Of Note Afterward: Sixth-round pick Bryan Holaday was once of the best defensive catchers in the draft, and while he has trouble making contact, his power (he took Stephen Strasburg deep in college) should be enough to at least get to the majors as a backup. Cole Nelson, a 10th-round pick, is the kind of player scouting director David Chadd loves as a 6-foot-7 lefty with a good fastball, but he's still seen as a project by many, even after three years at Auburn.
Summary: The Tigers should be thrilled to nab Castellanos despite their lack of a first-round pick, and while they went primarily with pitchers in the earlier rounds, they weren't the usual upside type of arms the Tigers normally prefer.

Kansas City Royals
Day One Selections
4. Christian Colon, SS, Cal State Fullerton

Inside the Pick: In the end, the Royals didn't like the price tags of some of the top college arms or catcher Yasmani Grandal, so they went the relatively safe route with Colon.
What He is: Easily the most polished position player in the draft. At the plate, he has an excellent approach, sublime contact skills and even showcased average power this year. His defensive fundamentals and baserunning are nothing short of outstanding.
What He is Not: A player who can stay at shortstop, according to most. While he has his share of believers, for most, no amount of positioning and first-step instincts can make up for the fact that Colon is 40 runner (on the 20-80 scouting scale) at best.
Path with the Royals: There is no reason Colon should struggle in the minors.

Through Three Rounds
2 (54). Brett Eibner, OF, Arkansas
3 (86). Mike Antonio, SS, George Washington HS (NY)

Eibner almost certainly would have gone higher had he wanted to pitch, but even as a outfielder, he has power, speed, center field skills and an excellent arm, although some holes in his swing drew Rick Ankiel comparisons. Antonio is an outstanding offensive prospect, but like Colon, there are plenty of questions about his ability to stay at shortstop.

Of Note Afterward:
Fifth-round pick Jason Adam was one of the best local players, as the Kansas high school righty has an ideal pitcher's frame, plenty of projection, and already consistently throws in the 90s. Ninth-round pick Whit Merrifield has power and plus speed, but comes with plenty of unanswered questions about his bat.
Summary: It was a safe, almost boring draft for the Royals. There's nothing bad to say about it, but not much excitement either. In Dayton we trust?

Minnesota Twins
Day One Selections
21. Alex Wimmers, RHP, Ohio State

Inside the Pick: The Twins had been on Wimmers all spring, and while it looked like he'd pitched his way into mid-first-round consideration, a late-season hamstring injury prevented big names from seeing him pitch, and the Twins ultimately got their guy.
What He is: Wimmers fits in perfectly with the Twins' philosophy. While he's known more for his command and depth of arsenal than his stuff, he still sits comfortably in the low 90s, and his curveball and changeup both rate as plus for some.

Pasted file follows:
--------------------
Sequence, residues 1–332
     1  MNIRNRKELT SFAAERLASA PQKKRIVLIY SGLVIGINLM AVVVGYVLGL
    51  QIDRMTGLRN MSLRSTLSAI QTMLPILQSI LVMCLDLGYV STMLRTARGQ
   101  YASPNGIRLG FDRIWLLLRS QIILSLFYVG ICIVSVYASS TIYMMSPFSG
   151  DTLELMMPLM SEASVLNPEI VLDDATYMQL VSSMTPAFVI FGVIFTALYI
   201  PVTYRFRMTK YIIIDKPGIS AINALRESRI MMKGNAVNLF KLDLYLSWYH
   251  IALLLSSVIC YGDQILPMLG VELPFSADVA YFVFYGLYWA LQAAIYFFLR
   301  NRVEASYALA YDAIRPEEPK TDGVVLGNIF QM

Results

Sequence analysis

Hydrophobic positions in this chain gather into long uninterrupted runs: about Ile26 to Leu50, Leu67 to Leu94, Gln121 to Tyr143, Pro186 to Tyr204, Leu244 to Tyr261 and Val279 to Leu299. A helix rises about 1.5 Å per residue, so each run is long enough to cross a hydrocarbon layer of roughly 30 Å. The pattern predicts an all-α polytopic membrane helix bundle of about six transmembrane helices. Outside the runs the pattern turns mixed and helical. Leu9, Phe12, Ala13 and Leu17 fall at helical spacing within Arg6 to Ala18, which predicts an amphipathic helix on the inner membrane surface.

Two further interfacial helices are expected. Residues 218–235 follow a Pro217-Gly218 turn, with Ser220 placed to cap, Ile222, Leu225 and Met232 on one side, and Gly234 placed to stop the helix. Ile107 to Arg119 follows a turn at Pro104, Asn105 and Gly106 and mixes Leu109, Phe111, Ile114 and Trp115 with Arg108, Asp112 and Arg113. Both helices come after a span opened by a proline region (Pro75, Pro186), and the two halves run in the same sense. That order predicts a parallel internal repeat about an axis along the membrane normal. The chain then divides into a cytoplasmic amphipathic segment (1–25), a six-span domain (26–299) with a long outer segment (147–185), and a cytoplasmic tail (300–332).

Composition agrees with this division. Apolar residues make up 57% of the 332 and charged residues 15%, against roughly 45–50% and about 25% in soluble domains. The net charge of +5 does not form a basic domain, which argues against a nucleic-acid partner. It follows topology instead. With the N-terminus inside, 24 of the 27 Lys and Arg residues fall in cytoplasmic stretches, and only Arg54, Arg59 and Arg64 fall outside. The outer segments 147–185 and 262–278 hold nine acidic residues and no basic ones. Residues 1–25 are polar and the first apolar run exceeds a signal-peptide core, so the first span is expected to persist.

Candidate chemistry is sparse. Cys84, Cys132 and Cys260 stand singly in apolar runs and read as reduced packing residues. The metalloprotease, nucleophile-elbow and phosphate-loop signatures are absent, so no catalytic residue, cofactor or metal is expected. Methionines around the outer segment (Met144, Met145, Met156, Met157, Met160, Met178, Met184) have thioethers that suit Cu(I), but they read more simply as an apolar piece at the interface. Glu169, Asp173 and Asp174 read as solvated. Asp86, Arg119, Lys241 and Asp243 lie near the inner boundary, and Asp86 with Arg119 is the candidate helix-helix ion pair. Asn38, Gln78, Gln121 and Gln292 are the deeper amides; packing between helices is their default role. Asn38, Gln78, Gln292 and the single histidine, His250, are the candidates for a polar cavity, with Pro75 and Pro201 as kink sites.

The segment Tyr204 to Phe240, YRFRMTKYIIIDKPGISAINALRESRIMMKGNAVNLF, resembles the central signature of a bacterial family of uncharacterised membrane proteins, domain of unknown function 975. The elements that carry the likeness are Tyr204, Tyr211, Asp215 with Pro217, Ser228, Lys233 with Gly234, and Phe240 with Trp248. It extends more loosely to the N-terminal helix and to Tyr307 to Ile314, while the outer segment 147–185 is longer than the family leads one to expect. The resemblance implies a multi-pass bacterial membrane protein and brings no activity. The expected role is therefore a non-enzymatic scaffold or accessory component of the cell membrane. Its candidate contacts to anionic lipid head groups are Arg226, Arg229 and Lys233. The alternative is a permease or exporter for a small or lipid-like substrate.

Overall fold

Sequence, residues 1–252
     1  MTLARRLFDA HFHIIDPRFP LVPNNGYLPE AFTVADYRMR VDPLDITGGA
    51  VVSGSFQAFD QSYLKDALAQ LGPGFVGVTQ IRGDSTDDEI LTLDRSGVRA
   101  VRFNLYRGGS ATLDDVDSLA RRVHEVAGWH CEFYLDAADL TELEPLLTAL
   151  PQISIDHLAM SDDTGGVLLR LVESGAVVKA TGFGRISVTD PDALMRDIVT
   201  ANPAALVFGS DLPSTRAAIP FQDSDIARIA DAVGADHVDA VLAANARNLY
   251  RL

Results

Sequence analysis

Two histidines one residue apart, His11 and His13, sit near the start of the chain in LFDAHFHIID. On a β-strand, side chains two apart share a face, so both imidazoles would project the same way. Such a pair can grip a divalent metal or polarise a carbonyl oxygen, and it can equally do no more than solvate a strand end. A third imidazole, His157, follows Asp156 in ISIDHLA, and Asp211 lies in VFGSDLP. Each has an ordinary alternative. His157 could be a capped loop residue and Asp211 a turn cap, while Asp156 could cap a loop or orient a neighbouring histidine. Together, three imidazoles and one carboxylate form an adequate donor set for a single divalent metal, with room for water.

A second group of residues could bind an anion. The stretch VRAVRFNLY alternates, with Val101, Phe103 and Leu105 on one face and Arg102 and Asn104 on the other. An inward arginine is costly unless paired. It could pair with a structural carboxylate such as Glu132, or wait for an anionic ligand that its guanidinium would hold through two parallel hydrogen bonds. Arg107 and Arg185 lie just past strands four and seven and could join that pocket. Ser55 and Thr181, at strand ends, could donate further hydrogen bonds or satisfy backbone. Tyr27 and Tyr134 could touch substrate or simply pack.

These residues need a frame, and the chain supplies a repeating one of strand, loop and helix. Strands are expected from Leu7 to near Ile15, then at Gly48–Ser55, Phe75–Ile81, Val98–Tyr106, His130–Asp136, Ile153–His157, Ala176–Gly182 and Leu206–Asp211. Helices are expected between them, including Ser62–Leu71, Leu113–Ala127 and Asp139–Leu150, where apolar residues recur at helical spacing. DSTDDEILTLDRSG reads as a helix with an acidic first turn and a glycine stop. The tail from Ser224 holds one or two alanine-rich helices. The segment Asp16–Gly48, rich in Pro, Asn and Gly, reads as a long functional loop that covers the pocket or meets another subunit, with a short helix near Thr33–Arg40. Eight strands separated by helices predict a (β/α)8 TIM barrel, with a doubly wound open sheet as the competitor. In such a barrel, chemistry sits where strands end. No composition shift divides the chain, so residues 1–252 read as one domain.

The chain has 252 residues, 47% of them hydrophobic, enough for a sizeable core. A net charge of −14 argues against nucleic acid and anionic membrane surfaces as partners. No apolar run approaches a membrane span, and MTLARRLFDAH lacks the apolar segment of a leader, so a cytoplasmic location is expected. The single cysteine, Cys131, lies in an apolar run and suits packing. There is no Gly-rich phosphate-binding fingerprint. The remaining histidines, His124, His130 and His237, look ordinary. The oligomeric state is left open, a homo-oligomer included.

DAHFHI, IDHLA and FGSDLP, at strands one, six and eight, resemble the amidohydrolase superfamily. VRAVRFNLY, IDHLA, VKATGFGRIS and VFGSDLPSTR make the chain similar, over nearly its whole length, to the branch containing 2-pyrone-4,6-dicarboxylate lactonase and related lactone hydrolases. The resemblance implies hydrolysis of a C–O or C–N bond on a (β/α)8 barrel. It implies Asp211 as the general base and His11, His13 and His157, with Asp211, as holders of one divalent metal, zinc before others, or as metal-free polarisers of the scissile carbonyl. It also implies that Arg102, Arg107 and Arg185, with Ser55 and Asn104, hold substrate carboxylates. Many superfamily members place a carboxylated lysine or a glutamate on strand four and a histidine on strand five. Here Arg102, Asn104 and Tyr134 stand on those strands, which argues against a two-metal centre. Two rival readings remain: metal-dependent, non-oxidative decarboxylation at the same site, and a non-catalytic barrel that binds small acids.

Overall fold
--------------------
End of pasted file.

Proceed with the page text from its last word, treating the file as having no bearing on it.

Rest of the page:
What He is Not: A pitcher with a high ceiling. His has the body and smooth delivery to eat up a ton of innings, but his ceiling likely ends as a No. 3 starter.
Path with the Twins: Just on the basis of his polish, Wimmers could start 2011 at High-A Fort Myers with little trouble.

Through Three Rounds
2 (71). Niko Goodrum, SS, Fayette County HS (GA)
3 (102). Pat Dean, LHP, Boston College

It's hard to find anyone who thinks Goodrum can stay at shortstop as a pro, but it's hard to not get excited about his tools, as he's 6-foot-4, over 200 pounds, has bat speed and power, as well as a plus arm and at least average speed. Dean is a another classic Twins pick, as his upper-80s fastball that tops out at 92 mph plays up due to nearly effortless command, a good curveball, and an outstanding changeup.

Of Note Afterward: Fourth-round pick Eddie Rosario is a Puerto Rican outfielder who makes up for a small frame with impressive tools. Seventh-round pick Matt Hauser was an effective college reliever with a plus fastball, but he's more known for his slider, and (what else?) outstanding command and control.
Summary: It was the usual set of picks for the Twins, who focus on tools and upside when it comes to position players, yet looking for polish and command above all else with pitching selections.  

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I'm sure you know this, but Aviles dropped because of a partial tear of a ligament in his elbow.
Kevin, any thoughts on Cleveland's pick of Diego Seastrunk (C-Rice)? Given that he hit well (.369/.470/.626) and comes from a major college program, I was a little surprised he fell so far. Defensive problems? Rice's catchers are usually pretty strong defenders who call their own game.
Re Bryan Holaday: Shouldn't taking Strasburg deep have more to do with ability to make contact than power? After all the problem with hitting Strasburg is making contact. If you manage that, it shouldn't be harder to take the ball deep than with any other pitcher.
Cole Nelson only pitched the 2010 season at Auburn. He was a junior college transfer.
Regarding Colon: Isn't JJ Hardy pretty slow, yet a very good defender at SS? Is he unusual in that regard?
Thought you'd slip in a mention that Chance Ruffin is the son of former Phillie/Brewer/Rockie Bruce Ruffin.
Kevin, I have some questions related to the flap in Chicago regarding the drafting of Ozney Guillen, in particular, in relation to the drafting of Ken Williams Jr. 1. Is there an unwritten rule that teams don't draft the sons of MLB coaches, managers and FOTs that don't work for their team? Perhaps with the exception that they would break this rule if we're talking about a player worth taking in the first five rounds. 2. What was the scouting profile of KW Jr. heading into the draft? Did he have scholarship offers for football and baseball? Do you think his selection in the sixth round and a bonus of $150K was a reasonable reflection of his talent and his other options? 3. How does his profile compare with Ozney Guillen? Likewise, do you think his selection in the 22nd round was a reasonable reflection of his talent? Thanks.